The offer letter was put together and promptly accepted. An onboarding process for the first day at work was being prepared. And then … the candidate quit. “I have thousands of people in my hiring pipeline, and many are disappearing before their start dates,” says the talent acquisitions manager of a large firm.
It seems each week presents new wrinkles in the topsy-turvy world of corporate hiring and workers quitting. The latest is that the churn now begins before candidates make it to their start dates. In leaving before starting, experts say, workers are exposing a weakness in a traditionally slow onboarding process that has long plagued companies and employees alike. “It’s absolutely necessary for people to figure this out and speed up processes,” says Radhika Papandreou, sector leader of Korn Ferry’s Travel, Leisure, and Hospitality practice. “I don’t think they know how to hire fast and screen efficiently.”
Historically, large firms have taken months to hire, and then after making an offer, they may take several weeks to finalize various background checks and launch onboarding efforts. The hiring process itself began to speed up both as firms tried to staff up in the budding economy and as millions of people unexpectedly quit their jobs. Now, experts say, firms are trying to speed through the whole process. “It’s all about getting new hires to Day 1,” says Jacob Zabkowicz, vice president and general manager of global recruitment process outsourcing at Korn Ferry. “Right now, candidates interview with five companies and accept an offer, and a week later, a second company gives a better offer.”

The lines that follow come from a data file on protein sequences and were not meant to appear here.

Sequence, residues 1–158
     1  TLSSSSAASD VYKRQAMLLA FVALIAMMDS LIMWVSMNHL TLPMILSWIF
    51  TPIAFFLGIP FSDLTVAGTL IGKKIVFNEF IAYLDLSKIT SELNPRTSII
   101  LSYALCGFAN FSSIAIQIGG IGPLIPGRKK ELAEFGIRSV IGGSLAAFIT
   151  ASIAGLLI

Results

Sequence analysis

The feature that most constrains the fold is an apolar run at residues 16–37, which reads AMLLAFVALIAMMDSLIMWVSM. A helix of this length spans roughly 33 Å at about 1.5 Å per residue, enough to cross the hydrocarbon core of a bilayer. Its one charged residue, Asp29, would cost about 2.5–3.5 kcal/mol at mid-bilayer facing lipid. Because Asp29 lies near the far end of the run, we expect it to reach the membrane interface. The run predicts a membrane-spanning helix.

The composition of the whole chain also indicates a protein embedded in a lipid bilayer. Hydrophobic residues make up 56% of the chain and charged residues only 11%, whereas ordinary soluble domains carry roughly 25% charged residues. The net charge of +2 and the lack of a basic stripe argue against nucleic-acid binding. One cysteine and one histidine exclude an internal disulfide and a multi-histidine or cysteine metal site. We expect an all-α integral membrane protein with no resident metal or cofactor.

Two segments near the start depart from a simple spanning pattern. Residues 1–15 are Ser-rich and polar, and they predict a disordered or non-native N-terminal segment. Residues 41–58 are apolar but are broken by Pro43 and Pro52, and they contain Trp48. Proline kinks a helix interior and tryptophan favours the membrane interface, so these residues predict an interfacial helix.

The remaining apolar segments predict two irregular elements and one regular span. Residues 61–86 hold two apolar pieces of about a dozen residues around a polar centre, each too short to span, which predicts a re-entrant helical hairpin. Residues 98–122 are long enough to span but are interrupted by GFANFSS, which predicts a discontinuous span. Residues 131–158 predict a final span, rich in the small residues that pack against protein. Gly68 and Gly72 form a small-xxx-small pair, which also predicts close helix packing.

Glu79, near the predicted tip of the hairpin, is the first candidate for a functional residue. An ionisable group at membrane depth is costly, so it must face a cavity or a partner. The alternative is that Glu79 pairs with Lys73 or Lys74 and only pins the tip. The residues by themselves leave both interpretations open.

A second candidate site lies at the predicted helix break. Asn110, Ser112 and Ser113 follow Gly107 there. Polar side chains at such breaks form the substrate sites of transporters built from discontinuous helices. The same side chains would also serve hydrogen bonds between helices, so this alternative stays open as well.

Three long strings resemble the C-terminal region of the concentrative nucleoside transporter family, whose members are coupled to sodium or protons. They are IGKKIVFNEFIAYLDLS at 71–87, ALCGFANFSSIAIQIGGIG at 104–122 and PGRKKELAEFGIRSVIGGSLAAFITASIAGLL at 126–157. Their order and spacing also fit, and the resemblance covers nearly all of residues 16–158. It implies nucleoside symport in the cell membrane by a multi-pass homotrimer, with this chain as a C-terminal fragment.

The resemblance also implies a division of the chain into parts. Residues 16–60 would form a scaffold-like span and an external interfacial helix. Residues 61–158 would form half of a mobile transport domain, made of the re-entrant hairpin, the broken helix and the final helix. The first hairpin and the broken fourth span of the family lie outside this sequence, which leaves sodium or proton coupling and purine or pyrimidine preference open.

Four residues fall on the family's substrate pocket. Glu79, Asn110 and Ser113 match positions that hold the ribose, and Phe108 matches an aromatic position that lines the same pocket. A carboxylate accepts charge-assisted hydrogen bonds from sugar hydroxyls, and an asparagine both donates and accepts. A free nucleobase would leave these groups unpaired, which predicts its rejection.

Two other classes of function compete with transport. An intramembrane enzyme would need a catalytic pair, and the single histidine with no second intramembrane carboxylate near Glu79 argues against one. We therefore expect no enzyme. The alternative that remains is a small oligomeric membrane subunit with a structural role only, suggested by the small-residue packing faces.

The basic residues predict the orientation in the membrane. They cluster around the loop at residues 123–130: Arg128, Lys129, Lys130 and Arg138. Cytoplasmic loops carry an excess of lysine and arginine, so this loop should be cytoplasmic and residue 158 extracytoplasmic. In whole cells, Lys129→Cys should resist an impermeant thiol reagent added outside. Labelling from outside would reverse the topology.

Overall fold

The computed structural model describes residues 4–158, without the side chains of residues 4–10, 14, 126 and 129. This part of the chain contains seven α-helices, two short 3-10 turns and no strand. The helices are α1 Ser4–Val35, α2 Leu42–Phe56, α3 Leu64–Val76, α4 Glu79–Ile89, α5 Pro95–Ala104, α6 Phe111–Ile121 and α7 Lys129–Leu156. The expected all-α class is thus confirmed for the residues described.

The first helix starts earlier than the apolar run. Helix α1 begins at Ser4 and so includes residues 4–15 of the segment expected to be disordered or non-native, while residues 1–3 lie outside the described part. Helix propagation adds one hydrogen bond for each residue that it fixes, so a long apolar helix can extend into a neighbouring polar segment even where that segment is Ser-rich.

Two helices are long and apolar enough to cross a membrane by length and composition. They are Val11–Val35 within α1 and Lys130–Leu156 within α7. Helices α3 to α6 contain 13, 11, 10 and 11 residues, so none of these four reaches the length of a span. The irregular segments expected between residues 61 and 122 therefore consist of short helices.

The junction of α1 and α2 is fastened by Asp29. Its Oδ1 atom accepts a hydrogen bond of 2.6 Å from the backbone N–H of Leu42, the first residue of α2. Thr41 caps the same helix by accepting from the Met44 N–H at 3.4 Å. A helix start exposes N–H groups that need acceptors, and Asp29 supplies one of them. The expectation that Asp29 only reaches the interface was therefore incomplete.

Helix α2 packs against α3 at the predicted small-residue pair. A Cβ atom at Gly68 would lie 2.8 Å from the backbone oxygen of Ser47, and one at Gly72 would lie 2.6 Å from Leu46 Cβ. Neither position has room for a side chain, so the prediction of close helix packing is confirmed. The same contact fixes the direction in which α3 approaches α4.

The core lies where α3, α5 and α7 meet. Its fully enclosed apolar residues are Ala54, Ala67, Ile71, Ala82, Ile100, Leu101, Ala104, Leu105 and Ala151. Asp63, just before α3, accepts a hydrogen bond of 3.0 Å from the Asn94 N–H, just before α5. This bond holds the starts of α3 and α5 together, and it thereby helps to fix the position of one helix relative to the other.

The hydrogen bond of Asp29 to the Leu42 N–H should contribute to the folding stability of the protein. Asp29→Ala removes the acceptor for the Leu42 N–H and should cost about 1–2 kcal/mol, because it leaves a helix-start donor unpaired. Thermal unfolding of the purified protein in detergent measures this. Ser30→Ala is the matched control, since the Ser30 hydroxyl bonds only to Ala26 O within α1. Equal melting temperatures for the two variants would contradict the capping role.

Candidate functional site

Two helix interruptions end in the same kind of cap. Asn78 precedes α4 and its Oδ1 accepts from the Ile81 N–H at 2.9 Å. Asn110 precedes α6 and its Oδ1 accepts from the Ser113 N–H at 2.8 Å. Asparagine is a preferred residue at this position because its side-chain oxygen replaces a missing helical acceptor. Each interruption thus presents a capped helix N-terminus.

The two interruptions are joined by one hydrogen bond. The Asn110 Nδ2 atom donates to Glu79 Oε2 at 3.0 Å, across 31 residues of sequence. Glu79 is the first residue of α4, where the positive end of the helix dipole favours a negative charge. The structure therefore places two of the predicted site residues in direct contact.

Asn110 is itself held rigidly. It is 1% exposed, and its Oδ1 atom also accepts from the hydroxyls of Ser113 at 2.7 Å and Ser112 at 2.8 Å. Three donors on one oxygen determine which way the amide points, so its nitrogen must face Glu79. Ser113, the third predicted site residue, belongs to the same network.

To be sure, some industries, such as travel and manufacturing, are facing this more than other sectors. And some firms are not racing to change, opting simply to make do with a smaller staff. But experts believe the unusual degree of quitting may spur on permanent changes to onboarding, which to date has had little market imperative to improve.
The biggest holdup for many companies is background checks, which are particularly sluggish due to understaffed courts and short-staffed background check companies, says Kristy Steiner, vice president for RPO client services at Korn Ferry. She suggests avoiding this logjam by offering contingency hiring, where new employees are allowed to begin jobs provisionally, and employers can release employees if issues emerge. “Money talks, and speed to get to the job and pay makes a difference,” she says. The math is compelling: if two jobs offer the same salary, and one starts a month earlier, that’s an 8% annual pay boost for that employee.
Organizational psychologist Miriam Nelson, a leader of Korn Ferry’s assessment and succession solutions business, encourages firms to thoroughly evaluate candidates earlier in the process, sometimes before the offer or acceptance. In this market, it isn’t a waste of time, she says. “Even if the candidate is not selected, that person is potentially viable for other roles.”
The hiring boom, which started in the spring when the economy picked up as the pandemic began to subside, has had no indication of slowing down. Even so, the travel and leisure industry, for example, is in a pitched battle for hourly workers. Papandreou encourages firms to distinguish themselves by quickly showing new candidates their future career opportunities. A motivated new hire who sees the new job as a path to long-term success is unlikely to be wooed away by bells and whistles like signing bonuses. “It’s not, ‘You will be at this job for your whole career,’ but showing people with the ambition to move up their paths into the industry.”